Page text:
The Senate on Thursday rejected an amendment to the farm bill that would have given states the power to require labels on genetically modified food.


"This is the very first time a bill on labeling genetically engineered food has been brought before the Senate," said Vermont Sen. Bernie Sanders (I), who introduced the proposal. "It was opposed by virtually every major food corporation in the country. While we wish we could have gotten more votes, this is a good step forward and something we are going to continue to work on. The people of Vermont and the people of America have a right to know what's in the food that they eat."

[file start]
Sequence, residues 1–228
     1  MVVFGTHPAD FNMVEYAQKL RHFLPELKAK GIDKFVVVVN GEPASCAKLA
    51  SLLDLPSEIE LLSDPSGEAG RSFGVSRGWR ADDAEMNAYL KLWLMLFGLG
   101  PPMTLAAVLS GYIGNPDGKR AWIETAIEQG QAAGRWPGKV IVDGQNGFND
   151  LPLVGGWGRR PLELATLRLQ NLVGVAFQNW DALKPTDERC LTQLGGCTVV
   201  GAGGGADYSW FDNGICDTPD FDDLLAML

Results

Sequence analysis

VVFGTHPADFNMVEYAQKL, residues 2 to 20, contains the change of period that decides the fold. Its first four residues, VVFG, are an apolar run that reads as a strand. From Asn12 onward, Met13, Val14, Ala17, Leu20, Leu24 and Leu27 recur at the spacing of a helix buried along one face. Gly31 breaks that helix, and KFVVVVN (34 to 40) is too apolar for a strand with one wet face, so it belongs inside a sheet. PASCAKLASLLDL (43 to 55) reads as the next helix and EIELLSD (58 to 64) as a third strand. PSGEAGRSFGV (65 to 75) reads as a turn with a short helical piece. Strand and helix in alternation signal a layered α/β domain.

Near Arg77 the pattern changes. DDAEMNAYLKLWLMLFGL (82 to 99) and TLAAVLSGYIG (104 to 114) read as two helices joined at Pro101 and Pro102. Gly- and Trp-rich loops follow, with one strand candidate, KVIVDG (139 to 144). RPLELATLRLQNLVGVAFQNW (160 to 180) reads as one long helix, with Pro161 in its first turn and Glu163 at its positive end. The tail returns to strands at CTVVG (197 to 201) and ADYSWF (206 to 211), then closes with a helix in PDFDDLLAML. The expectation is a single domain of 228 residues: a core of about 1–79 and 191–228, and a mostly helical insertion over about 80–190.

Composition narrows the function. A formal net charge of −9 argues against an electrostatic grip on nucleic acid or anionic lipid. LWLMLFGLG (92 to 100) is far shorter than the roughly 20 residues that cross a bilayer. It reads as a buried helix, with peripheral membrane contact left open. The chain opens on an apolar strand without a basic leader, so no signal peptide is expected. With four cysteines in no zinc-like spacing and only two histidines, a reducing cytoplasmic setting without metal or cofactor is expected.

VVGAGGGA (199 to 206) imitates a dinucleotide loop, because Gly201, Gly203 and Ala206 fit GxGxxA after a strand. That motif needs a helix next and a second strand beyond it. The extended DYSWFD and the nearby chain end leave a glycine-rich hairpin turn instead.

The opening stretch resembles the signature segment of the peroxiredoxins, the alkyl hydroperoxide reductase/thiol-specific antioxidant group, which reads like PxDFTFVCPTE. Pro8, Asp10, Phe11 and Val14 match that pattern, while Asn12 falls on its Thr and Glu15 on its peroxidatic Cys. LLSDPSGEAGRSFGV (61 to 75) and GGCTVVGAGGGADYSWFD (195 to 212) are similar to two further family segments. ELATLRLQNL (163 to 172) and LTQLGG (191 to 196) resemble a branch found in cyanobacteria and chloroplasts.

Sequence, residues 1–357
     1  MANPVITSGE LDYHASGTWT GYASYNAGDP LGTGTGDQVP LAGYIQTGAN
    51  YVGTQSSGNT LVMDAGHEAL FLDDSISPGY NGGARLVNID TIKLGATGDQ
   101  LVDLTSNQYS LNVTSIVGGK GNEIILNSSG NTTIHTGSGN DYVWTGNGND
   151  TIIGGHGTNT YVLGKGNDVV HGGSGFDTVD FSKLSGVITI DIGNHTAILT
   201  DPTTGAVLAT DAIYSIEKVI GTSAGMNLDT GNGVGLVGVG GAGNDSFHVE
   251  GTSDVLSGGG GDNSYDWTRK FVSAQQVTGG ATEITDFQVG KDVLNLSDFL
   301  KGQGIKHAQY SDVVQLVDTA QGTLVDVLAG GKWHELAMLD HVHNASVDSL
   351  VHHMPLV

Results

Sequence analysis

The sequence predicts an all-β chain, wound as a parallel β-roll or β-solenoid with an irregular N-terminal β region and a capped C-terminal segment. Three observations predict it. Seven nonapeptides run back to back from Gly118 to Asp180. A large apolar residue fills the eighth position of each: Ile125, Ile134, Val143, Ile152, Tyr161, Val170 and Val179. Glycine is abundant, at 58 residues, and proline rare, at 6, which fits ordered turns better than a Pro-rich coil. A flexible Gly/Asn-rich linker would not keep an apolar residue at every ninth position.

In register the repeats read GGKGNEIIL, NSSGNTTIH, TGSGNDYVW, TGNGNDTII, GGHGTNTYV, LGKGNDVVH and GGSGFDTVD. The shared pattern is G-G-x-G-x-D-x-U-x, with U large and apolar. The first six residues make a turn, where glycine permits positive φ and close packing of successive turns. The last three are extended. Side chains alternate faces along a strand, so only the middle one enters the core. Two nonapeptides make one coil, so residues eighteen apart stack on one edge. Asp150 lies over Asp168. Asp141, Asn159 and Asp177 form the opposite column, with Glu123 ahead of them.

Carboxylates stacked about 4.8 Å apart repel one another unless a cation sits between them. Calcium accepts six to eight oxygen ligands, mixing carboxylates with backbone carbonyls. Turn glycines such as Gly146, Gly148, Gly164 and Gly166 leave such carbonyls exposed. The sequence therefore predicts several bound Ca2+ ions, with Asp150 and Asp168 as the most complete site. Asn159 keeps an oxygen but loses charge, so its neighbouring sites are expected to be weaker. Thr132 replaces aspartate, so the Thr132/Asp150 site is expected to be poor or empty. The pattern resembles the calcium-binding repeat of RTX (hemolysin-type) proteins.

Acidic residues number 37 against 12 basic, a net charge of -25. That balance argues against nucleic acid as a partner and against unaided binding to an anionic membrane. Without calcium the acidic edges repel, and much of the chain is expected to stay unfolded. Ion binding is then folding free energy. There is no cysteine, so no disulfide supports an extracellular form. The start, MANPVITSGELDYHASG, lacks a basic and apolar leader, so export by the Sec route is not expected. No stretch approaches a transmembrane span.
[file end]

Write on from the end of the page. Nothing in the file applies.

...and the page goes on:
Senate Agriculture Committee chair Debbie Stabenow opposed the amendment, claiming it could interfere with the development of drought resistant crops.

The amendment was defeated by a 26-73 vote.

When the Vermont Legislature considered a bill that would have required genetically modified food to be labelled, the agricultural giant Monsanto threatened to sue the state. Despite public support, the legislation failed to pass.

Sanders' amendment would not have required states to label genetically modified. It would only have given states legal protection to do so.